While most crypto businesses keep out of Cuba due to regulatory uncertainties and hefty American sanctions, Italian-Cuban entrepreneur Mario Mazzola developed and deployed Cuba’s first peer-to-peer Bitcoin (BTC) exchange.
Taking the lead
A Reuters report published in September 2019 quoted a 35-year-old Cuban mobile shop owner, Jason Sanchez, saying that virtual currencies were “opening new doors” for ordinary citizens.
While there is interest in using virtual currencies and an opportunity to circumvent U.S. sanctions, Cubans face difficulty using cryptos as most exchanges have geo-blocked them from accessing their services.
Mazzola defines Bitcoin as a necessity for Cubans, but with most services blocking users, they fail to reap the benefits. In such a situation, he adds, Qbita will serve as their tool to buy, sell, use and store Bitcoins easily and safely.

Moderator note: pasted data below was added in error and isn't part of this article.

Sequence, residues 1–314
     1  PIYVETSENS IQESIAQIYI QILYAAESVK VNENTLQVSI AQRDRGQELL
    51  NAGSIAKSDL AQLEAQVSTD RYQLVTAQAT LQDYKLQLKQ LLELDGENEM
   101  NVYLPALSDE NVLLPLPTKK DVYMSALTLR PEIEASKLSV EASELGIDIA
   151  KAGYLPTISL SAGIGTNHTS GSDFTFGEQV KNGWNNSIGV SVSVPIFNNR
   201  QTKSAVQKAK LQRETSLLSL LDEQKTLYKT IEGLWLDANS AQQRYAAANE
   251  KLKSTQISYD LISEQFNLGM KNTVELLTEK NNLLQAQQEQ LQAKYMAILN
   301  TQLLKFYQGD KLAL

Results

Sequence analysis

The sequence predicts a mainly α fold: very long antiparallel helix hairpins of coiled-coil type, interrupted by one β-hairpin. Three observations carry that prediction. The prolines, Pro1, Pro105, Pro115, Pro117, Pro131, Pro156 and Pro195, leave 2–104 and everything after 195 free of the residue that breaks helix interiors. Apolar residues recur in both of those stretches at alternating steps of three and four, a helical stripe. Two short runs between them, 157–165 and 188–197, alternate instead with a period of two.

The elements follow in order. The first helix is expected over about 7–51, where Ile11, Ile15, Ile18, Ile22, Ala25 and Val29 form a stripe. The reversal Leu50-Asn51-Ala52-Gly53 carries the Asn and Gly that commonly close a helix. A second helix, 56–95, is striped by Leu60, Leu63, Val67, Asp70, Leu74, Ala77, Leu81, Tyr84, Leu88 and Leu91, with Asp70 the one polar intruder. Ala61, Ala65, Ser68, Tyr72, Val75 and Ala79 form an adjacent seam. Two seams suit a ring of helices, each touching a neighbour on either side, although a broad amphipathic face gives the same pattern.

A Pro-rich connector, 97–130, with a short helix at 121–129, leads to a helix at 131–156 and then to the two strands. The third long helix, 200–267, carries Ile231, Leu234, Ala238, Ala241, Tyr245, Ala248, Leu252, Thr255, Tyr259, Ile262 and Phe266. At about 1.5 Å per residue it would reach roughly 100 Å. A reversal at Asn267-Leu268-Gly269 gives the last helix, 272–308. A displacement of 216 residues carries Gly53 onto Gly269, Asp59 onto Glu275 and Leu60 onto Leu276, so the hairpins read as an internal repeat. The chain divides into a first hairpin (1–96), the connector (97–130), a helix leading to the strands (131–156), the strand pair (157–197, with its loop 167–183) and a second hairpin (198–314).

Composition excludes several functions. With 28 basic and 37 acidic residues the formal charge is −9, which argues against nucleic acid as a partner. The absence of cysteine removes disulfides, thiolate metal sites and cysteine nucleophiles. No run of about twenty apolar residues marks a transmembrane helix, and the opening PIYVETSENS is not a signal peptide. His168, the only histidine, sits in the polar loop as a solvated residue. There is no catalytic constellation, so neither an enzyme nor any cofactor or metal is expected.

Before launching the Qbita exchange this month, he had already launched the Qbita Bitcoin wallet in November 2019. The wallet is specifically designed keeping in mind the slow internet services in Cuba, which is why it is just 1MB in size and can function with a basic internet connection.
Other crypto exchanges in Cuba don’t help much
“Paxful is actively blocking Cuba, LocalBitcoins is asking you for KYC, and because of the embargo, this legal requirement is not helping the people of the island, so it is not available in our country.”
Since the launch of the Qbita exchange, the number of registered downloads have shot to 1,100 from 850, marking a 30% increase in just a week.
“We’re going to see more people using Bitcoin for its true purpose: the freedom to move money and to have total control of your funds.”